Follow up

I was so happy with how my jeans turned out, I decided to dye a favorite sweater of mine to a different color because it had some bleach spots. Originally a light tan, I dyed it to a dark wine color with great results. The concept is inspiring: Find a pair of light colored denim on sale for a too-good-to-be-true price? Dye ‘em dark. Have a faded old shirt that’s just too soft to pitch? See if dyeing it can breathe new life into it.

If you try it, I’d love to see your pictures!

Andrew is the founder and editor of Primer. He's a graduate of American University and currently lives in Los Angeles. Read more about Primer on our About page.

  • JD

    Sounds like a good Sunday afternoon project! Great idea.

  • Geoff

    You just saved me from spending a good $200 on a few more brand new Levi’s. This is absolutely brilliant!

  • Thomas

    I definitely want to try this!

  • Rob

    Is the dye safe? I mean, when you buy new jeans, the dye runs quite a bit when you wash them (and the labels usually say not to sit on light-coloured furniture while wearing them). So when you dyed yours, is it a similar thing or is the dye even more unstable? Thanks! Rob

    • http://www.primermagazine.com/ Andrew

      Rob,

      I didn’t have any trouble. I even tried rubbing my hand on them really hard afterward to see if anything came off and nothing did. It’d be smart to play it safe however. I think the final wash removes the excess.

      • Matt Alan Peterman

        Andrew,

        Have you washed the jeans a second time, with other clothes? Does the dye run any in subsequent washes?

        Thanks for your time

        • http://www.primermagazine.com/ Andrew

          Hasn’t been a problem with ruining clothes, it does fade faster than the dye that the jeans come with. Still holding strong and better than try were.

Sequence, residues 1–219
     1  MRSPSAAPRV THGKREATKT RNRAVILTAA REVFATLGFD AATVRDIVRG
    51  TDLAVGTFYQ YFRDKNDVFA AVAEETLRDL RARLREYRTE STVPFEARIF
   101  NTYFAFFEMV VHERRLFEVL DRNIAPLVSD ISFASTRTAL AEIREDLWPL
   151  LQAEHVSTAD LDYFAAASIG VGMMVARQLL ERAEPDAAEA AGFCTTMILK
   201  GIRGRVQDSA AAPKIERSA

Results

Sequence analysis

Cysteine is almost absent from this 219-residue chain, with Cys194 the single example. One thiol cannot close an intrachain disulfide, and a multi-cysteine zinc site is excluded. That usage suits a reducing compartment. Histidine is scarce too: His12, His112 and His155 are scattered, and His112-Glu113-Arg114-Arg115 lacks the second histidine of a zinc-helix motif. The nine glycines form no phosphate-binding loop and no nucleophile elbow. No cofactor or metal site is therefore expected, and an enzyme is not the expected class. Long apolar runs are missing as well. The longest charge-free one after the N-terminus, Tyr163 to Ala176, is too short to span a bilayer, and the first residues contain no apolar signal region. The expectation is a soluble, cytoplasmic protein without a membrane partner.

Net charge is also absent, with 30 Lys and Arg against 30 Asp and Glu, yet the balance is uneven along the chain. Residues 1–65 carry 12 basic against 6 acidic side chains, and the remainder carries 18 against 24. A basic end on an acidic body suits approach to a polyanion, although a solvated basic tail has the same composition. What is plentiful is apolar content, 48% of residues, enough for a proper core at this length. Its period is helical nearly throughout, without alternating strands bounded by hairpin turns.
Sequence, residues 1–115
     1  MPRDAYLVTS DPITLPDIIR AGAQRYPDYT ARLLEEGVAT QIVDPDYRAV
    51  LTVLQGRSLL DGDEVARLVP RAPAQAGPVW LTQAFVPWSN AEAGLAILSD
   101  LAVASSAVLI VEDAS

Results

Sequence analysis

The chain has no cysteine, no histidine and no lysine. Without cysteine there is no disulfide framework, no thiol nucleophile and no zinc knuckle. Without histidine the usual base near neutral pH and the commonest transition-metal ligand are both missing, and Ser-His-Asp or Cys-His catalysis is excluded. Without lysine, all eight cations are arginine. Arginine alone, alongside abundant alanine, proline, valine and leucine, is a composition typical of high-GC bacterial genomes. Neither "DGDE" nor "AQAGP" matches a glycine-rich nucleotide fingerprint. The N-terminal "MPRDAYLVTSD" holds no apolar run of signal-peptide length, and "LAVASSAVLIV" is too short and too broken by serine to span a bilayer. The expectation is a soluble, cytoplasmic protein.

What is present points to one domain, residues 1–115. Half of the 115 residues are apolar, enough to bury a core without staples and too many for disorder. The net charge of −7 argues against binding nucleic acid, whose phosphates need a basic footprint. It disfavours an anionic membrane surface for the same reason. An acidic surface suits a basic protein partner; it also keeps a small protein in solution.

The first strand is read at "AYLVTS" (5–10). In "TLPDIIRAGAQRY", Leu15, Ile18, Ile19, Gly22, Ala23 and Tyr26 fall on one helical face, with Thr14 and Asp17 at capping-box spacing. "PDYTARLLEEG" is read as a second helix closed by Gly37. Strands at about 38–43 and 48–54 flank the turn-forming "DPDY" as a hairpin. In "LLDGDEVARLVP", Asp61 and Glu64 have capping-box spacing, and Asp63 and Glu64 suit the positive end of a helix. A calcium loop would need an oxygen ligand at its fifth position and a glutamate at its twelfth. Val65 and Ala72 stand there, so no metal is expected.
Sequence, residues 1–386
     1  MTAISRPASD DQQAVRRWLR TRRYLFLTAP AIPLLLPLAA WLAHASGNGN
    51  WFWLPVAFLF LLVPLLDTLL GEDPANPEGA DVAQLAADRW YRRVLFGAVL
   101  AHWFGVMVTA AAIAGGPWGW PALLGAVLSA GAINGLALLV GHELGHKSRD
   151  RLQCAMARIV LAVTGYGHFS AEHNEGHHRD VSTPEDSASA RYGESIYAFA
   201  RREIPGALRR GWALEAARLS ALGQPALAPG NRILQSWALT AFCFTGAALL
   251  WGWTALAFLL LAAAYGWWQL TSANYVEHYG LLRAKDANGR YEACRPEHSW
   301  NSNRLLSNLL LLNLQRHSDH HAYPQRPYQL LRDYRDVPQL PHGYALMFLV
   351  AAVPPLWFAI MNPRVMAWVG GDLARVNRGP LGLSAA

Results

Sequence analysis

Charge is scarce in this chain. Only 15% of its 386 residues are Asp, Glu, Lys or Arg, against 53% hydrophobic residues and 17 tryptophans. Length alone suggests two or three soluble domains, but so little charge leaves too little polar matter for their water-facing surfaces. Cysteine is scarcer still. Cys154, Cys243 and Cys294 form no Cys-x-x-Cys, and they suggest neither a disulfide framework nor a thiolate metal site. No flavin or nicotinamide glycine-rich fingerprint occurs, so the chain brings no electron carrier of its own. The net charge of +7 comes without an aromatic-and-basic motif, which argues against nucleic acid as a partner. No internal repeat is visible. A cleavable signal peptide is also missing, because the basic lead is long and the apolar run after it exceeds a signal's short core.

• http://ritstudio.com RitDye

            Rinsing thoroughly till the water runs clear and then washing separately in a washing machine with an old towel is the best way to ensure all excess dye is gone before wearing. Using our Dye Fixative immediately after dyeing also helps to reduce bleeding and keeps the new color longer.

          • Tony

            Every time I dye my faded black jeans using your instructions, the end result is ALWAYS the same. The jeans look exactly the same way they did when I started. Why?

          • http://www.primermagazine.com/ Andrew

            Hmm I’m not sure! Perhaps your jeans have some sort of coating on them that’s keeping them from taking in the dye?

  • TominDC

    How did the reverse side come out?

  • JV

    I wondered recently whether something like this would work on jeans. Your results look fantastic!

    I actually did something similar with an old cotton jacket of mine that still fit great, but had a few orange stains that were never going to come out. I dyed it from a light green to a chocolate brown color and decided to also make it a waxed cotton jacket by applying some cans of Filson wax to the shell. It was time consuming, but the result was definitely cool.

    • http://www.primermagazine.com/ Andrew

      Thats awesome! Share some pics if you get a chance.

      • JV

        Hey Andrew, here are two shots of the jacket. It’s been breaking in nicely and developing the type of great patina which you can only get from waxed cotton.

        • JV

  • chris

    I’m curious if the dye rubs off on your legs (or upholstery) when you wear them. Report back!

    • http://www.primermagazine.com/ Andrew

      Nope, didn’t have a problem with it. I think the rinse-to-clear and final wash helps with it, but probably best to play it safe anyway.

  • Andres Herrera

    AWWWWWWWESOME! On my to-do list for sure!

    Also, I’m wondering how the dye did’t adversely affect the color of the stitching!

    • http://www.primermagazine.com/ Andrew

      I was wondering that too! Not sure…maybe the stitching is coated with something, or the gold was too bright to dye.

      • http://ritstudio.com RitDye